But, at the end of the day and the trip, I was over 20,000 words nearer the end of Wycaan Master Book 5. I got the strangest looks when the pilot announced we were landing and I looked up and wondered aloud: “Already?”

In other news, Thursday was my 50th birthday and waiting in my inbox was Sacrificial Flame – Wycaan Master Book 4, back from the formatters. Only a few weeks to go…

Sacrificial Flame Cover Hi Res

Now, when is my next trip?

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Alon Shalev is the author of the 2013 Eric Hoffer YA Book Award winner, At The Walls of Galbrieth (ebook currently at 99 cents), The First Decreeand Ashbar – Wycaan Master Book 3 – all released by Tourmaline Books. Shalev is also the author of three social justice-themed novels including Unwanted Heroes. He swears there is a connection. More at http://www.alonshalev.com and on Twitter (@elfwriter). Hang out with Alon on Google+

A Poem In Elvish – J.R.R. Tolkien

This is a rare gem. That an author could possibly make up an entire language is mind-blowing. Yet we often forget that beyond the dragons, swords, and quests, J.R.R. Tolkien created an entire language. As a professor of philology (ancient languages) at Oxford University, Tolkien was already immersed in the mechanics of how a language is put together.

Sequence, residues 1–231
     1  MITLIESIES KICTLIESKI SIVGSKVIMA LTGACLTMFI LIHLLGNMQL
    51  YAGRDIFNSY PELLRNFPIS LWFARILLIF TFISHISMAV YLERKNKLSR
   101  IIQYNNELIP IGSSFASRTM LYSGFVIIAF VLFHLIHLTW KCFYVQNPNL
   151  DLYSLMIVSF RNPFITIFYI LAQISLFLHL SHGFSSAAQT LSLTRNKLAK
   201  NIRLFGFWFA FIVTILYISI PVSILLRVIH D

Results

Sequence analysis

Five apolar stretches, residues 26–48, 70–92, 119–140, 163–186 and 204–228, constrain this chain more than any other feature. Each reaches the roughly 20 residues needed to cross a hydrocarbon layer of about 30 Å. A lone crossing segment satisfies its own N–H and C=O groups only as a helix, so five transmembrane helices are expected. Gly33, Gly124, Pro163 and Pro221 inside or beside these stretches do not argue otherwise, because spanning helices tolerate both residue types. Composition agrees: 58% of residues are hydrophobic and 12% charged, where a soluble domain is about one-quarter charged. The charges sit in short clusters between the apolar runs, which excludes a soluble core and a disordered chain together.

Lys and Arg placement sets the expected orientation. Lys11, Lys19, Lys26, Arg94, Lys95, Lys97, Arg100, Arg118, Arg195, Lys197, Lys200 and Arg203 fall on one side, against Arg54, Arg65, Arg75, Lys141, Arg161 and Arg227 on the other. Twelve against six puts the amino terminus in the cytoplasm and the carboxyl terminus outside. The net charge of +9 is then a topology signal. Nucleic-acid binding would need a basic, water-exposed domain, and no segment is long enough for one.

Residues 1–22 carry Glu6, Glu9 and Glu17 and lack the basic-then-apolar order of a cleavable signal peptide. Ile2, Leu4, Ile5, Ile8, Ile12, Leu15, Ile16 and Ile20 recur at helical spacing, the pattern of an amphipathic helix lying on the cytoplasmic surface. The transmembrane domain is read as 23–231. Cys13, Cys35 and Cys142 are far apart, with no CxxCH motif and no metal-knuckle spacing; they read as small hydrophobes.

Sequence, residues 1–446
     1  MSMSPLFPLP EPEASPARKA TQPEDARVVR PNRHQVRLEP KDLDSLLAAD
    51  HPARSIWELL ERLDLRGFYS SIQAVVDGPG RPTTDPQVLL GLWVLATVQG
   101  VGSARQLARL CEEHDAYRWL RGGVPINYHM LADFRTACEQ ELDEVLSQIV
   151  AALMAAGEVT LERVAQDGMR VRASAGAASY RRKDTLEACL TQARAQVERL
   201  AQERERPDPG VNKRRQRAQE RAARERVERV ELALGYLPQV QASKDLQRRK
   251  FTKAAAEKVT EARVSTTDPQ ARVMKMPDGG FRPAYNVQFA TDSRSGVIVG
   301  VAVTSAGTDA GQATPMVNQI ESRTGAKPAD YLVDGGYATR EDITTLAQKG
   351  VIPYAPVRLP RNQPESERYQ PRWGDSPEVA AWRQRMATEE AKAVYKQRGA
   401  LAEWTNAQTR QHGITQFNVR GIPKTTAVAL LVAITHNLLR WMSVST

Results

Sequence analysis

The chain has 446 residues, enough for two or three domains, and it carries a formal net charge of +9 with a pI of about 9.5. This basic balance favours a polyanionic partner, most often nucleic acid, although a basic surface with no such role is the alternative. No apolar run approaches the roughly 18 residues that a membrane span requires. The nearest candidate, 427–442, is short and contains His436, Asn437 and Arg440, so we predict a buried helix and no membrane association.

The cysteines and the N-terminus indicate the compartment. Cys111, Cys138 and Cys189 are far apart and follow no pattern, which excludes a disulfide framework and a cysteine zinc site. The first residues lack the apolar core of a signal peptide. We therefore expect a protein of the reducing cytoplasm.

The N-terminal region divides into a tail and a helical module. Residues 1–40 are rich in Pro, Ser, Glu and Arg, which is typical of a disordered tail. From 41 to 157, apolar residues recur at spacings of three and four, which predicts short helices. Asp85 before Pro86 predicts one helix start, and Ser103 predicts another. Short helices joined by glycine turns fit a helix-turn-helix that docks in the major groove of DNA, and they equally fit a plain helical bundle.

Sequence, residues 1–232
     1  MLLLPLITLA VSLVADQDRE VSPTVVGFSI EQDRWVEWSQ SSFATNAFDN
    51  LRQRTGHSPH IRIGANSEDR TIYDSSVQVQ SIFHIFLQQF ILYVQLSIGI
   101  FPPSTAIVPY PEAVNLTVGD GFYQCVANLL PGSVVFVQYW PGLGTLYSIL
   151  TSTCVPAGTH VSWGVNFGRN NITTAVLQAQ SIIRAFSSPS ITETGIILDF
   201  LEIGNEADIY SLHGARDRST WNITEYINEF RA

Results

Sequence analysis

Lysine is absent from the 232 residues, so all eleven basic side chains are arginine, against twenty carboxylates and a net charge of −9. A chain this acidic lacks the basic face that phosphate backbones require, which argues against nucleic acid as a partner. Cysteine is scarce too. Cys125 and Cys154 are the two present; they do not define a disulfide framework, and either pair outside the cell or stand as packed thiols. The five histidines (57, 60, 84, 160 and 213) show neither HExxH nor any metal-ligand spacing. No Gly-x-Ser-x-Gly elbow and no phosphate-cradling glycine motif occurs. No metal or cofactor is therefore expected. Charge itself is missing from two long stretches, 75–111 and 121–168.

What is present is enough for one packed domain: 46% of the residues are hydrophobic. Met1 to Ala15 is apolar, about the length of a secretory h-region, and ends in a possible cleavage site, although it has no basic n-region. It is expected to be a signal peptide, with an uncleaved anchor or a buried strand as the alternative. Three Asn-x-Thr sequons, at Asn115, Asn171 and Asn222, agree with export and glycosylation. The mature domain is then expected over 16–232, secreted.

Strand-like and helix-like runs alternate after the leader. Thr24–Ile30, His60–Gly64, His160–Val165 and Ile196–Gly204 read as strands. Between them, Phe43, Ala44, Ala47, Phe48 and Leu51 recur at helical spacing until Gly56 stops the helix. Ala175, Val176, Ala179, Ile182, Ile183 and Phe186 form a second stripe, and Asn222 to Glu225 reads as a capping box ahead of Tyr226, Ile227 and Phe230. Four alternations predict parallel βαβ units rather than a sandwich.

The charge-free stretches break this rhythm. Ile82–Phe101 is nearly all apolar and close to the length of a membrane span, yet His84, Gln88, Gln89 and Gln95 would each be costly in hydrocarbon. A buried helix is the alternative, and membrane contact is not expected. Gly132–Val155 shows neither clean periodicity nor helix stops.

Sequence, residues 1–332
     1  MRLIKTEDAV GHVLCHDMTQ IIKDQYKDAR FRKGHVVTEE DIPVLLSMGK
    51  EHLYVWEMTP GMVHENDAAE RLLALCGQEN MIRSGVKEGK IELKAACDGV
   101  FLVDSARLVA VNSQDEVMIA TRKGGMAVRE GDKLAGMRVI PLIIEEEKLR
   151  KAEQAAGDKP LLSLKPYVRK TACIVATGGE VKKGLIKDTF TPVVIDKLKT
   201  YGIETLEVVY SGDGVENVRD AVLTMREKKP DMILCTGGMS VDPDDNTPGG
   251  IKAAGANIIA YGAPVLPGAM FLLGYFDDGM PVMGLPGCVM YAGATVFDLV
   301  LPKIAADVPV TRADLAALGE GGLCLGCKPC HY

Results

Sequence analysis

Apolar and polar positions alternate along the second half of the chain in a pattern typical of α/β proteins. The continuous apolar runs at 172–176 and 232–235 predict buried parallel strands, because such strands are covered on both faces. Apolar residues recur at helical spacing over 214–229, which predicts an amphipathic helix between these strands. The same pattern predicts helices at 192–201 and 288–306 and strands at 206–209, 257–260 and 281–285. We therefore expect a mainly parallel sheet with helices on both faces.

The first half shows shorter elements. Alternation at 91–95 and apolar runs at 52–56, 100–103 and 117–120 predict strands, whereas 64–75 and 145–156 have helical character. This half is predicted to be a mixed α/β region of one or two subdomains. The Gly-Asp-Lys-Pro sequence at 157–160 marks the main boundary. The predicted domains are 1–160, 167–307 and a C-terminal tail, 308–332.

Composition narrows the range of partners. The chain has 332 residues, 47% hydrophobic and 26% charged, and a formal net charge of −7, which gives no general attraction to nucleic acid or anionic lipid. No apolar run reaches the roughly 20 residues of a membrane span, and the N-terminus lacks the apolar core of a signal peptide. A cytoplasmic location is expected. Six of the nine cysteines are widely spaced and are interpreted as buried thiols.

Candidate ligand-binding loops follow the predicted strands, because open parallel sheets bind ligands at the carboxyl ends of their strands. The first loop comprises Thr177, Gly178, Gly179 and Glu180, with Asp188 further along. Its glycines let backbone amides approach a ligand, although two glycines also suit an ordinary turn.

But the professor took it to another level when he actually made up a language. With the hype beginning to build for The Hobbit movie, this poem surfaced read by the master himself.

Enjoy!

My own elvish is somewhat rusty, so here is a translation of Namarie (Farewell) courtesy of Josh Jones, who goes into greater detail about the when and where.  

Ah! like gold fall the leaves in the wind, long years
numberless as the wings of trees! The long years
have passed like swift draughts of the sweet mead
in lofty halls beyond the West, beneath the blue
vaults of Varda wherein the stars tremble in the
song of her voice, holy and queenly.

Who now shall refill the cup for me?

For now the Kindler, Varda, the Queen of Stars,
from Mount Everwhite has uplifted her hands like
clouds, and all paths are drowned deep in shadow;
and out of a grey country darkness lies on the
foaming waves between us, and mist covers the
jewels of Calacirya for ever. Now lost, lost for
those from the East is Valimar!

Farewell! Maybe thou shalt find Valimar. Maybe
even thou shalt find it. Farewell!

And, in case you haven’t got enough, here is Tolkien again, reciting the Song of Durin (in English). 

Have a great weekend,

Elfwriter

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Alon Shalev is the author of The Accidental Activist and A Gardener’s Tale. He has written three epic fantasy novels and the first, which reached the Quarter Finals of the Amazon Breakthrough Novel Award 2012, is due out in January 2013 by Tourmaline Press. More on Alon Shalev at http://www.alonshalev.com and on Twitter (@elfwriter).